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Markel Tax

24 Sep 2018

Labour's inclusive ownership plan

Both privately owned companies and PE-backed companies often use a share structure made up of multiple share classes, each with distinct rights. Very often such companies do not pay dividends, aiming to build capital value ahead of an exit.

Another question prominent in the minds of business owners would be what would happen in the event of an exit – would it mean a bonanza for employees? Or for the Treasury? Or would the IOF structure be a ‘poison pill’, killing off potential future transactions?

Taken at its crudest, the IOF structure could be seen as an effective 10% levy on dividend payments, with the social dividend fund as the main beneficiary; a potentially significant cost for companies.
Another concern will be the constitution of the management of the IOFs, how the trustees will be selected and whether there will need to be an extensive process of employee consultation before votes.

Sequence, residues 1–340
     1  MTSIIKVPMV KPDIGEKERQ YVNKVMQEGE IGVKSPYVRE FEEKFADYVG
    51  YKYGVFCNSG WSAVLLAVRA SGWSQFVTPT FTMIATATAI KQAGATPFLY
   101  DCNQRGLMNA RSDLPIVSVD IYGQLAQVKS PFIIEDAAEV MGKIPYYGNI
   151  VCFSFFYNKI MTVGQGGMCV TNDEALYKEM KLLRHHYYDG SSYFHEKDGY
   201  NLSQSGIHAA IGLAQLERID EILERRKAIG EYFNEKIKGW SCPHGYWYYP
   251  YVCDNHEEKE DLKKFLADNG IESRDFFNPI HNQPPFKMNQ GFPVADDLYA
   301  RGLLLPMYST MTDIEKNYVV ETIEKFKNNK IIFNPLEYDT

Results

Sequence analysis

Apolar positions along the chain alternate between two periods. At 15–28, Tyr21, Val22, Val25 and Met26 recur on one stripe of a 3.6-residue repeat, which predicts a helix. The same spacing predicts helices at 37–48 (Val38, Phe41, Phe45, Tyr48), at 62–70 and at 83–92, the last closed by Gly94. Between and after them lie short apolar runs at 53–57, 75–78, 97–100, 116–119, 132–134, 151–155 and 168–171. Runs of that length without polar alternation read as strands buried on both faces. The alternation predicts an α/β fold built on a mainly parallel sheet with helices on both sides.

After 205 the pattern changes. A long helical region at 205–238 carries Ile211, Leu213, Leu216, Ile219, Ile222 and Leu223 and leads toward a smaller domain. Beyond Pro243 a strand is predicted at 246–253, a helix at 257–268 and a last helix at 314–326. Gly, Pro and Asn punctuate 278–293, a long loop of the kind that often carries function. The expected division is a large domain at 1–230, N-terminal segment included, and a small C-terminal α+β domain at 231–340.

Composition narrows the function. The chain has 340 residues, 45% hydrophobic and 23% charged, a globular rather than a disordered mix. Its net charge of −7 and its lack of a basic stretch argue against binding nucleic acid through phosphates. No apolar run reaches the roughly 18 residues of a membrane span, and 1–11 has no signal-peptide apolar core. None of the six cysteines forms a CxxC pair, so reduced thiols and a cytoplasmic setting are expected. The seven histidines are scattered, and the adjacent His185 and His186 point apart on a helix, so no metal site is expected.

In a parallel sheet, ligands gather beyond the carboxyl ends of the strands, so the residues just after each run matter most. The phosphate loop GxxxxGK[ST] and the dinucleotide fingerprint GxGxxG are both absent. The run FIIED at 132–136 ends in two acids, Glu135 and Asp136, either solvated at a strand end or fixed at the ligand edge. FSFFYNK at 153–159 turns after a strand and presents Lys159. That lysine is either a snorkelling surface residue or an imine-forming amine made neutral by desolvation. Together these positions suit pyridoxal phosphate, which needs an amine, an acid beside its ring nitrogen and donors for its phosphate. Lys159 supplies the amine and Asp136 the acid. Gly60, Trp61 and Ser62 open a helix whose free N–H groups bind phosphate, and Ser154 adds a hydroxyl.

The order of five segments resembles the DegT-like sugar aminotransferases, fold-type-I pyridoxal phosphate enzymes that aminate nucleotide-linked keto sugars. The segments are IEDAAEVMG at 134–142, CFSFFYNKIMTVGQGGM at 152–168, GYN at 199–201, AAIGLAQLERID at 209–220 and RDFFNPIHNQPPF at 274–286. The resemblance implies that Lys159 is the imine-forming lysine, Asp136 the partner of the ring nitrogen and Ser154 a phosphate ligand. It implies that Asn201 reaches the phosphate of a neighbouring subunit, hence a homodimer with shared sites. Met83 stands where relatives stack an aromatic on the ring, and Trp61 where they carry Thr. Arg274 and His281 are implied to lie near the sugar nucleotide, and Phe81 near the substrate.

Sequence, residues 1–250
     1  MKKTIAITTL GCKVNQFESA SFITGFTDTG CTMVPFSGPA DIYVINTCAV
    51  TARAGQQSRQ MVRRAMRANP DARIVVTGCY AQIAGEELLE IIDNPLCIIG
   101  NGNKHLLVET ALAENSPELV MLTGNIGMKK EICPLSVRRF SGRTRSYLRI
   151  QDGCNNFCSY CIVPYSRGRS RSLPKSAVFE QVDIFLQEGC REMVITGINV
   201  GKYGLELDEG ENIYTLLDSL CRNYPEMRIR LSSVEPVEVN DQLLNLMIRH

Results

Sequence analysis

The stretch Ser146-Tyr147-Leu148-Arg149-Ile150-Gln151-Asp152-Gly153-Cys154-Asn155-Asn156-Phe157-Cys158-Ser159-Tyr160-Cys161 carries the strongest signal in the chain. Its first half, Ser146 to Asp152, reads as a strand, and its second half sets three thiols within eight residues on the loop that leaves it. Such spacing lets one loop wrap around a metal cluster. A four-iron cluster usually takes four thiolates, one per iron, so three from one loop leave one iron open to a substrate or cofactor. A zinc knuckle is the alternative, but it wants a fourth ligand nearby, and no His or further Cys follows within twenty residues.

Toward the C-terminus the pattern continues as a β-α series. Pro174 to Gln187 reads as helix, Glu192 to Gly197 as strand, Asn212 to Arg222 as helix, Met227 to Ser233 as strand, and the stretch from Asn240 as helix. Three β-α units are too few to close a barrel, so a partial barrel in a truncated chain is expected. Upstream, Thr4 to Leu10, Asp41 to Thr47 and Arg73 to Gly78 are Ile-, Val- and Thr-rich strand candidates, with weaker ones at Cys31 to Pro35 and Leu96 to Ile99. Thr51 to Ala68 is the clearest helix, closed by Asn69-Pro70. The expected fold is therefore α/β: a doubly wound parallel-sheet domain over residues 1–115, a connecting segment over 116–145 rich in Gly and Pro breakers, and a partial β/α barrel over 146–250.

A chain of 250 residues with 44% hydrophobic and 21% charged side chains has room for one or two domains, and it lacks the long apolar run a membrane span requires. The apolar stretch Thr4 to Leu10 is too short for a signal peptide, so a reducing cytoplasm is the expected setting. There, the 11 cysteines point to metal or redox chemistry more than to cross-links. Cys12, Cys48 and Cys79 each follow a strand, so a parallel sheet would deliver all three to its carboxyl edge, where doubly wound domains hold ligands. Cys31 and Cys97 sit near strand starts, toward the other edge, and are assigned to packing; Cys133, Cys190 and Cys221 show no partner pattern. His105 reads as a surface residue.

There are worries that this measure could lead to a number of market-distorting behaviours: groups could fragment to fall below the headcount limit; employers may choose not to expand their operations for fear of becoming subject to the rules; companies could de-list from London in favour of a listing in Frankfurt of New York.

It is understood that the Shadow Chancellor’s team believes that the ten-year build up to the 10% fund is sufficiently incremental so as not to drive avoidance activity. I don’t think it unfair to express some scepticism on that point or to wonder whether lawyers and accountants might be the main beneficiaries of this measure.

Tagged Employment taxes and share scheme
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21 Sep 2018

Is it material? – A CIS risk explained